Canner also described working on moving students into the next level, which includes an NIH-funded collaboration with UC Santa Cruz offering summer paid research with mentors to help Cal State students figure out their grad school path. These students are showcased to UC faculty, and then are recruited into labs. Canner also described training for post-docs to teach them how to mentor and teach at Cal State schools. She discussed efforts to bring community colleges into the pipeline, building what’s known as “2+2 agreements” – if a student completes an associate’s degree they are guaranteed the opportunity to graduate from a 4-year school, which is helpful in building out local connections between community colleges and Cat State schools. She mentioned the need to create an introductory data science course, one that is similar to Data 8 but that articulates through interdisciplinary collaborations across departments, meaning the course content can be matched across departments and schools. To that end her school recently completed a survey on CSU computational needs in an effort to understand how to improve the sharing of resources. Finally, she mentioned the challenge of finding and hiring data scientists who want to teach, and that training faculty already on site is often a more productive route.
The last speaker was Solomon Russell from El Camino Community College. There are 116 community colleges in California, serving 1.8 million students. Several of these colleges teach UC Berkeley’s Data 8 course. Russell described the use of 2i2c (a non-profit that designs JupyterHub distributions to run on cloud infrastructure) to provide infrastructure to log into Jupyter assignments, and creating course materials on Canvas. His school has several collaborations with other community colleges, Cal State schools and UC schools, and participates in a community college data science conference held at UC Berkeley, which he described as a “force multiplier.”
Russell described the biggest challenge as navigating articulation and making it work for students. Some of their challenges include taking the math requirements for data science and figuring out how to make them fit into what they already offer their students. El Camino offers pathways for certificate and associate degrees and they are working on implementing 2+2 agreements as described above, connecting community colleges and Cal State schools and ensuring that credits are transferable.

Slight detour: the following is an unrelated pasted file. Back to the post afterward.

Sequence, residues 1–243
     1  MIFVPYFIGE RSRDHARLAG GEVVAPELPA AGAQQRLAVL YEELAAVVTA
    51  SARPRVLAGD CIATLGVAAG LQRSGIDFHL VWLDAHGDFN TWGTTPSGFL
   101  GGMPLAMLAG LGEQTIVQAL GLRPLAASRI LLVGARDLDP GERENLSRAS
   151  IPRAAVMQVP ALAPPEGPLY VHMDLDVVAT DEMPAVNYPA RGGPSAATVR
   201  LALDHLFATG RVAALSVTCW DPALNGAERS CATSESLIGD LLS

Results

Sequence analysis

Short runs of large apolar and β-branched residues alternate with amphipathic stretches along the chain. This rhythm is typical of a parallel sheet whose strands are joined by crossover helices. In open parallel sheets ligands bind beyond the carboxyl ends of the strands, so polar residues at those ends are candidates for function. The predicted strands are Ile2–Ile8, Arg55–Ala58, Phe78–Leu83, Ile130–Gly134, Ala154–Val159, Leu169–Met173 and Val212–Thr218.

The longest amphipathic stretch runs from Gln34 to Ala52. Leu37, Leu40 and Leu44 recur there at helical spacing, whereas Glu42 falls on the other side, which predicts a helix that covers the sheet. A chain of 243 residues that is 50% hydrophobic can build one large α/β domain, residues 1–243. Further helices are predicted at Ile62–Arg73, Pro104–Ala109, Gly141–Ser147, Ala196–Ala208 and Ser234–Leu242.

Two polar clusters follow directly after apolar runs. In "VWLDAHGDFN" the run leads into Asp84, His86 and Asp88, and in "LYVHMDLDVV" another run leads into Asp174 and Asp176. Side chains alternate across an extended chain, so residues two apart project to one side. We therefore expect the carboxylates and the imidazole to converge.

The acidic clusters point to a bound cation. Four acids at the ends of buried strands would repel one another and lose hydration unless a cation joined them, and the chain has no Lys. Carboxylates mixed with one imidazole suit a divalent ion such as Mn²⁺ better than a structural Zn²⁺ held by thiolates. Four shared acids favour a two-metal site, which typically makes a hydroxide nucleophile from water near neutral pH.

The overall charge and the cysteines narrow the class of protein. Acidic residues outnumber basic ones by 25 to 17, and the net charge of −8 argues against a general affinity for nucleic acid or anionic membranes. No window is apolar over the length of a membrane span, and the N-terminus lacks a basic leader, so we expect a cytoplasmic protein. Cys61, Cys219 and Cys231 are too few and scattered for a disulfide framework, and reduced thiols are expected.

He also described equity gaps, resulting in lower completion rates for Black and Hispanic students. One approach to this problem is making data science courses available to students without a requirement to go through the computer science sequence first. He also mentioned the need to find data science faculty and – similar to Judith Canner – recommends “growing expertise within.”
During the Q+A that followed the panel there was discussion on how to give students a tangible sense of what it’s like to DO data science, mentioning exposure to extracting observations from tables and inference through variation, as examples. There is considerable support for the Data 8 course, as there aren’t a lot of constraints to taking it, e.g. students do not have to take computer science and only need some algebra to be successful. There was discussion about who “owns” data science in an academic setting - in terms of which department or school or faculty – and a lack of support for creating courses that aren’t required, which is a resource issue.
Finally, the panel discussed how math fits into data science courses, and the future of math majors. Schools are rethinking what math looks like at various levels, given that making institutional change at such a large scale is always slow-going. Among other things this is a teacher training issue, getting existing faculty to move into this area and then move them into teaching with notebooks. Teachers might have a Masters degree in mathematics but not in the statistics necessary for data science, thereby prompting a need for training for mathematicians on how to teach data science courses. There is a need for both content and pedagogy. In addition, more advanced math is a known bottleneck for diversity in data science. And there’s a lot of conversation about math and data science at the high school level involving state standards and school boards. Bottom line: give teachers a pathway in but make it about the students.